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I get the feeling Toyota introduced the 2 litre hybrid power train to attract buyers away from other vehicle manufactures. 

1.8 is still there if you wish to be frugal & save fuel.

2 litre available if your used to other manufacturers more normal / powerful engines & would like the benefit of being a Toyota hybrid owner but can also move swiftly / have plenty of get up & go if required. 

Toyota now has both bases covered. 

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I was planning on testing both, but I tested the 2.0 litre and it still gave me a smile on my face after a reluctant move from a 2.5 litre turbo impreza. The fuel economy in comparison is amazing and the noise levels from the cvt/engine are very good compared to what I was expecting.  I did a trip at the weekend of about 50 miles in the Peak District and returned just shy of 60 mpg and we are averaging about 50 mpg including my wife's very short commute, so the economy on a new car is excellent. Pretty sure I would have noticed a difference with the 1.8 but it's horses for courses and the small economical benefits for me didn't matter when I was used to towing a fuel tanker around. 

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While fuel is getting more and more expensive, I'm still happy with the current MPG of my 2.0 and I'm willing to sacrifice a bit of MPG for the smoother driving experience and sheer pleasure.

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2 hours ago, forkingabout said:

While slow speed running is pretty similar between them, the 2 litre hybrid has other advantages over the 1.8.

The 2 litre hybrid power train has a larger hybrid battery capacity & MG2 so it can power along in EV mode at higher speeds compared to the 1.8 hybrid.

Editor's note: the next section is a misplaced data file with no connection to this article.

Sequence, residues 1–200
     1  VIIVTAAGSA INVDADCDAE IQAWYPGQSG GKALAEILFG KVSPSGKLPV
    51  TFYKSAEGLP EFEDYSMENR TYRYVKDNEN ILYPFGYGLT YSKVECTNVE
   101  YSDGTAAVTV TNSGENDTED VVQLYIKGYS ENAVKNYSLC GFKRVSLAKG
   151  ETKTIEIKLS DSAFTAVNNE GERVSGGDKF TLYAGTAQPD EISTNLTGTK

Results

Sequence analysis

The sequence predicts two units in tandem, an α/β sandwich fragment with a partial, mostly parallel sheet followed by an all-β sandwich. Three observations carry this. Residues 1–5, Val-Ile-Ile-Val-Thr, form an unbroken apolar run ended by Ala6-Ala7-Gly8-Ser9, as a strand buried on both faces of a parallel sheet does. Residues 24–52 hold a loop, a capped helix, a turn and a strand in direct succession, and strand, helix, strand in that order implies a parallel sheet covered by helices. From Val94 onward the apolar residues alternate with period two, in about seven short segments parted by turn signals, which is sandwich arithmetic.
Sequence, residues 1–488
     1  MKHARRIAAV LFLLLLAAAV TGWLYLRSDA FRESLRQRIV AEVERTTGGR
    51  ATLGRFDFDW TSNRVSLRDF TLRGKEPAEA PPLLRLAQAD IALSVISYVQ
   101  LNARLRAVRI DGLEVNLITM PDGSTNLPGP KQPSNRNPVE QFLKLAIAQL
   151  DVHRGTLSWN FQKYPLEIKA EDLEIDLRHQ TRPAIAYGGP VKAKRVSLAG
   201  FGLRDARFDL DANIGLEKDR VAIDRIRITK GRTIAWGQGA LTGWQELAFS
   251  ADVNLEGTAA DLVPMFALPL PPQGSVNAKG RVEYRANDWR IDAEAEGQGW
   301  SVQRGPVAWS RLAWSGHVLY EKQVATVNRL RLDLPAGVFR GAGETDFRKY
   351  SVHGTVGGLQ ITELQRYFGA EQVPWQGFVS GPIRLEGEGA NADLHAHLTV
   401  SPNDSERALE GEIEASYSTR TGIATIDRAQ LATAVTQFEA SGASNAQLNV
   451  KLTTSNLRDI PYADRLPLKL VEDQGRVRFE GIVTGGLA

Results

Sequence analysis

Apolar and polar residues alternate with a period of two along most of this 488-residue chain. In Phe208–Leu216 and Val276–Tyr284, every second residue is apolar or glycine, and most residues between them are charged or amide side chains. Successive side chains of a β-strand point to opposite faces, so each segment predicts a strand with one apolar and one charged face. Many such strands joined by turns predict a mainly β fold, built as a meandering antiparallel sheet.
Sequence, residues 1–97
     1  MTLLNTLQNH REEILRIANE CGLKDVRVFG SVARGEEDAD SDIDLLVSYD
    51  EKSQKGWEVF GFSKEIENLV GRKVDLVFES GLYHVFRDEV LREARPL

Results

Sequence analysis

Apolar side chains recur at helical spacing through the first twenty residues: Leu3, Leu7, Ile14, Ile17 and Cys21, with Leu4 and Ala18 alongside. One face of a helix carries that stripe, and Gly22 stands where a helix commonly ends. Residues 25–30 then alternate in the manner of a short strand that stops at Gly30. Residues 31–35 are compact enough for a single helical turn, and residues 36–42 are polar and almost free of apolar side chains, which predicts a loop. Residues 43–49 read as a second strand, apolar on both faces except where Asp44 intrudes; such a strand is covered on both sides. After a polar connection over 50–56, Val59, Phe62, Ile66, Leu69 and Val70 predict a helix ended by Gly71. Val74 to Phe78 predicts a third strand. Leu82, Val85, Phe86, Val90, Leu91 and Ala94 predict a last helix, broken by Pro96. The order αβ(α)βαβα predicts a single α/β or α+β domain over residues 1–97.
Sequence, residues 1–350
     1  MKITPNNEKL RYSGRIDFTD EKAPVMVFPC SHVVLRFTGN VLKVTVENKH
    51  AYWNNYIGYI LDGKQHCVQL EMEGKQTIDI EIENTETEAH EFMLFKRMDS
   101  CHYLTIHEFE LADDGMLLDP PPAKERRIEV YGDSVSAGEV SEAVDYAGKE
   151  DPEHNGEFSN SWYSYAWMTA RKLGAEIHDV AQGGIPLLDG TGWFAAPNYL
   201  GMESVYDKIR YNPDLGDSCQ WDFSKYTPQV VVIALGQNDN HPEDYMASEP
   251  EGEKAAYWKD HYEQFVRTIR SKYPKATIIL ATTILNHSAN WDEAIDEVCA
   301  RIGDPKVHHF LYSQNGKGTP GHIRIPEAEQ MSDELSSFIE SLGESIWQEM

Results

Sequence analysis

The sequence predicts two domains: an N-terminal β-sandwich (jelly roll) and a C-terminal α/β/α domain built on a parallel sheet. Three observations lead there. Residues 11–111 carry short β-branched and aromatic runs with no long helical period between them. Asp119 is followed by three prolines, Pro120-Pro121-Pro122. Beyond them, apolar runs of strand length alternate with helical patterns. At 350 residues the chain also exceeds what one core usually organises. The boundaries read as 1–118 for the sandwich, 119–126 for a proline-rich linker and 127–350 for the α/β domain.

Toyota claim up to 75 mph EV mode for the 2 litre hybrid. 

 

Quote

Toyota claim up to 75 mph EV mode for the 2 litre hybrid

Good point made 

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The prius is a good yardstick of how good a vehicle is over the long term, and that the 1'8 is the engine to get, I was told. i understand that viewpoint and with car I have now a Mazda 2 litre but with the same horsepower as the 1.8 of which I'm getting next week and i guess with both being equal i won't notice any difference. 

i just hope the 1.8 GR sport turns out to be as good as the Mazda car I have now, and am sure it will be 

 

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2 hours ago, forkingabout said:

While slow speed running is pretty similar between them, the 2 litre hybrid has other advantages over the 1.8.

The 2 litre hybrid power train has a larger hybrid battery capacity & MG2 so it can power along in EV mode at higher speeds compared to the 1.8 hybrid. 

Toyota claim up to 75 mph EV mode for the 2 litre hybrid. 

 

i can do 75 in ev mode on the 1.8

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I also have a 1.8 GR Sport on order (Obsidian Blue). Ordered 2nd Feb. Still no update.

I'm coming from a 2.0 TDI VW Tiguan. Which, with my driving it drinks the fuel. Has 150hp, so 28 more than the 1.8 Hybrid. Websites say avg mpg is 45. However my commute includes a lot of Stop Start and 90% is under 30mph. On cold days I'd get 30mpg, once I got 25!! So Hybrid suits me, as I also have to park on street, so no charging ability.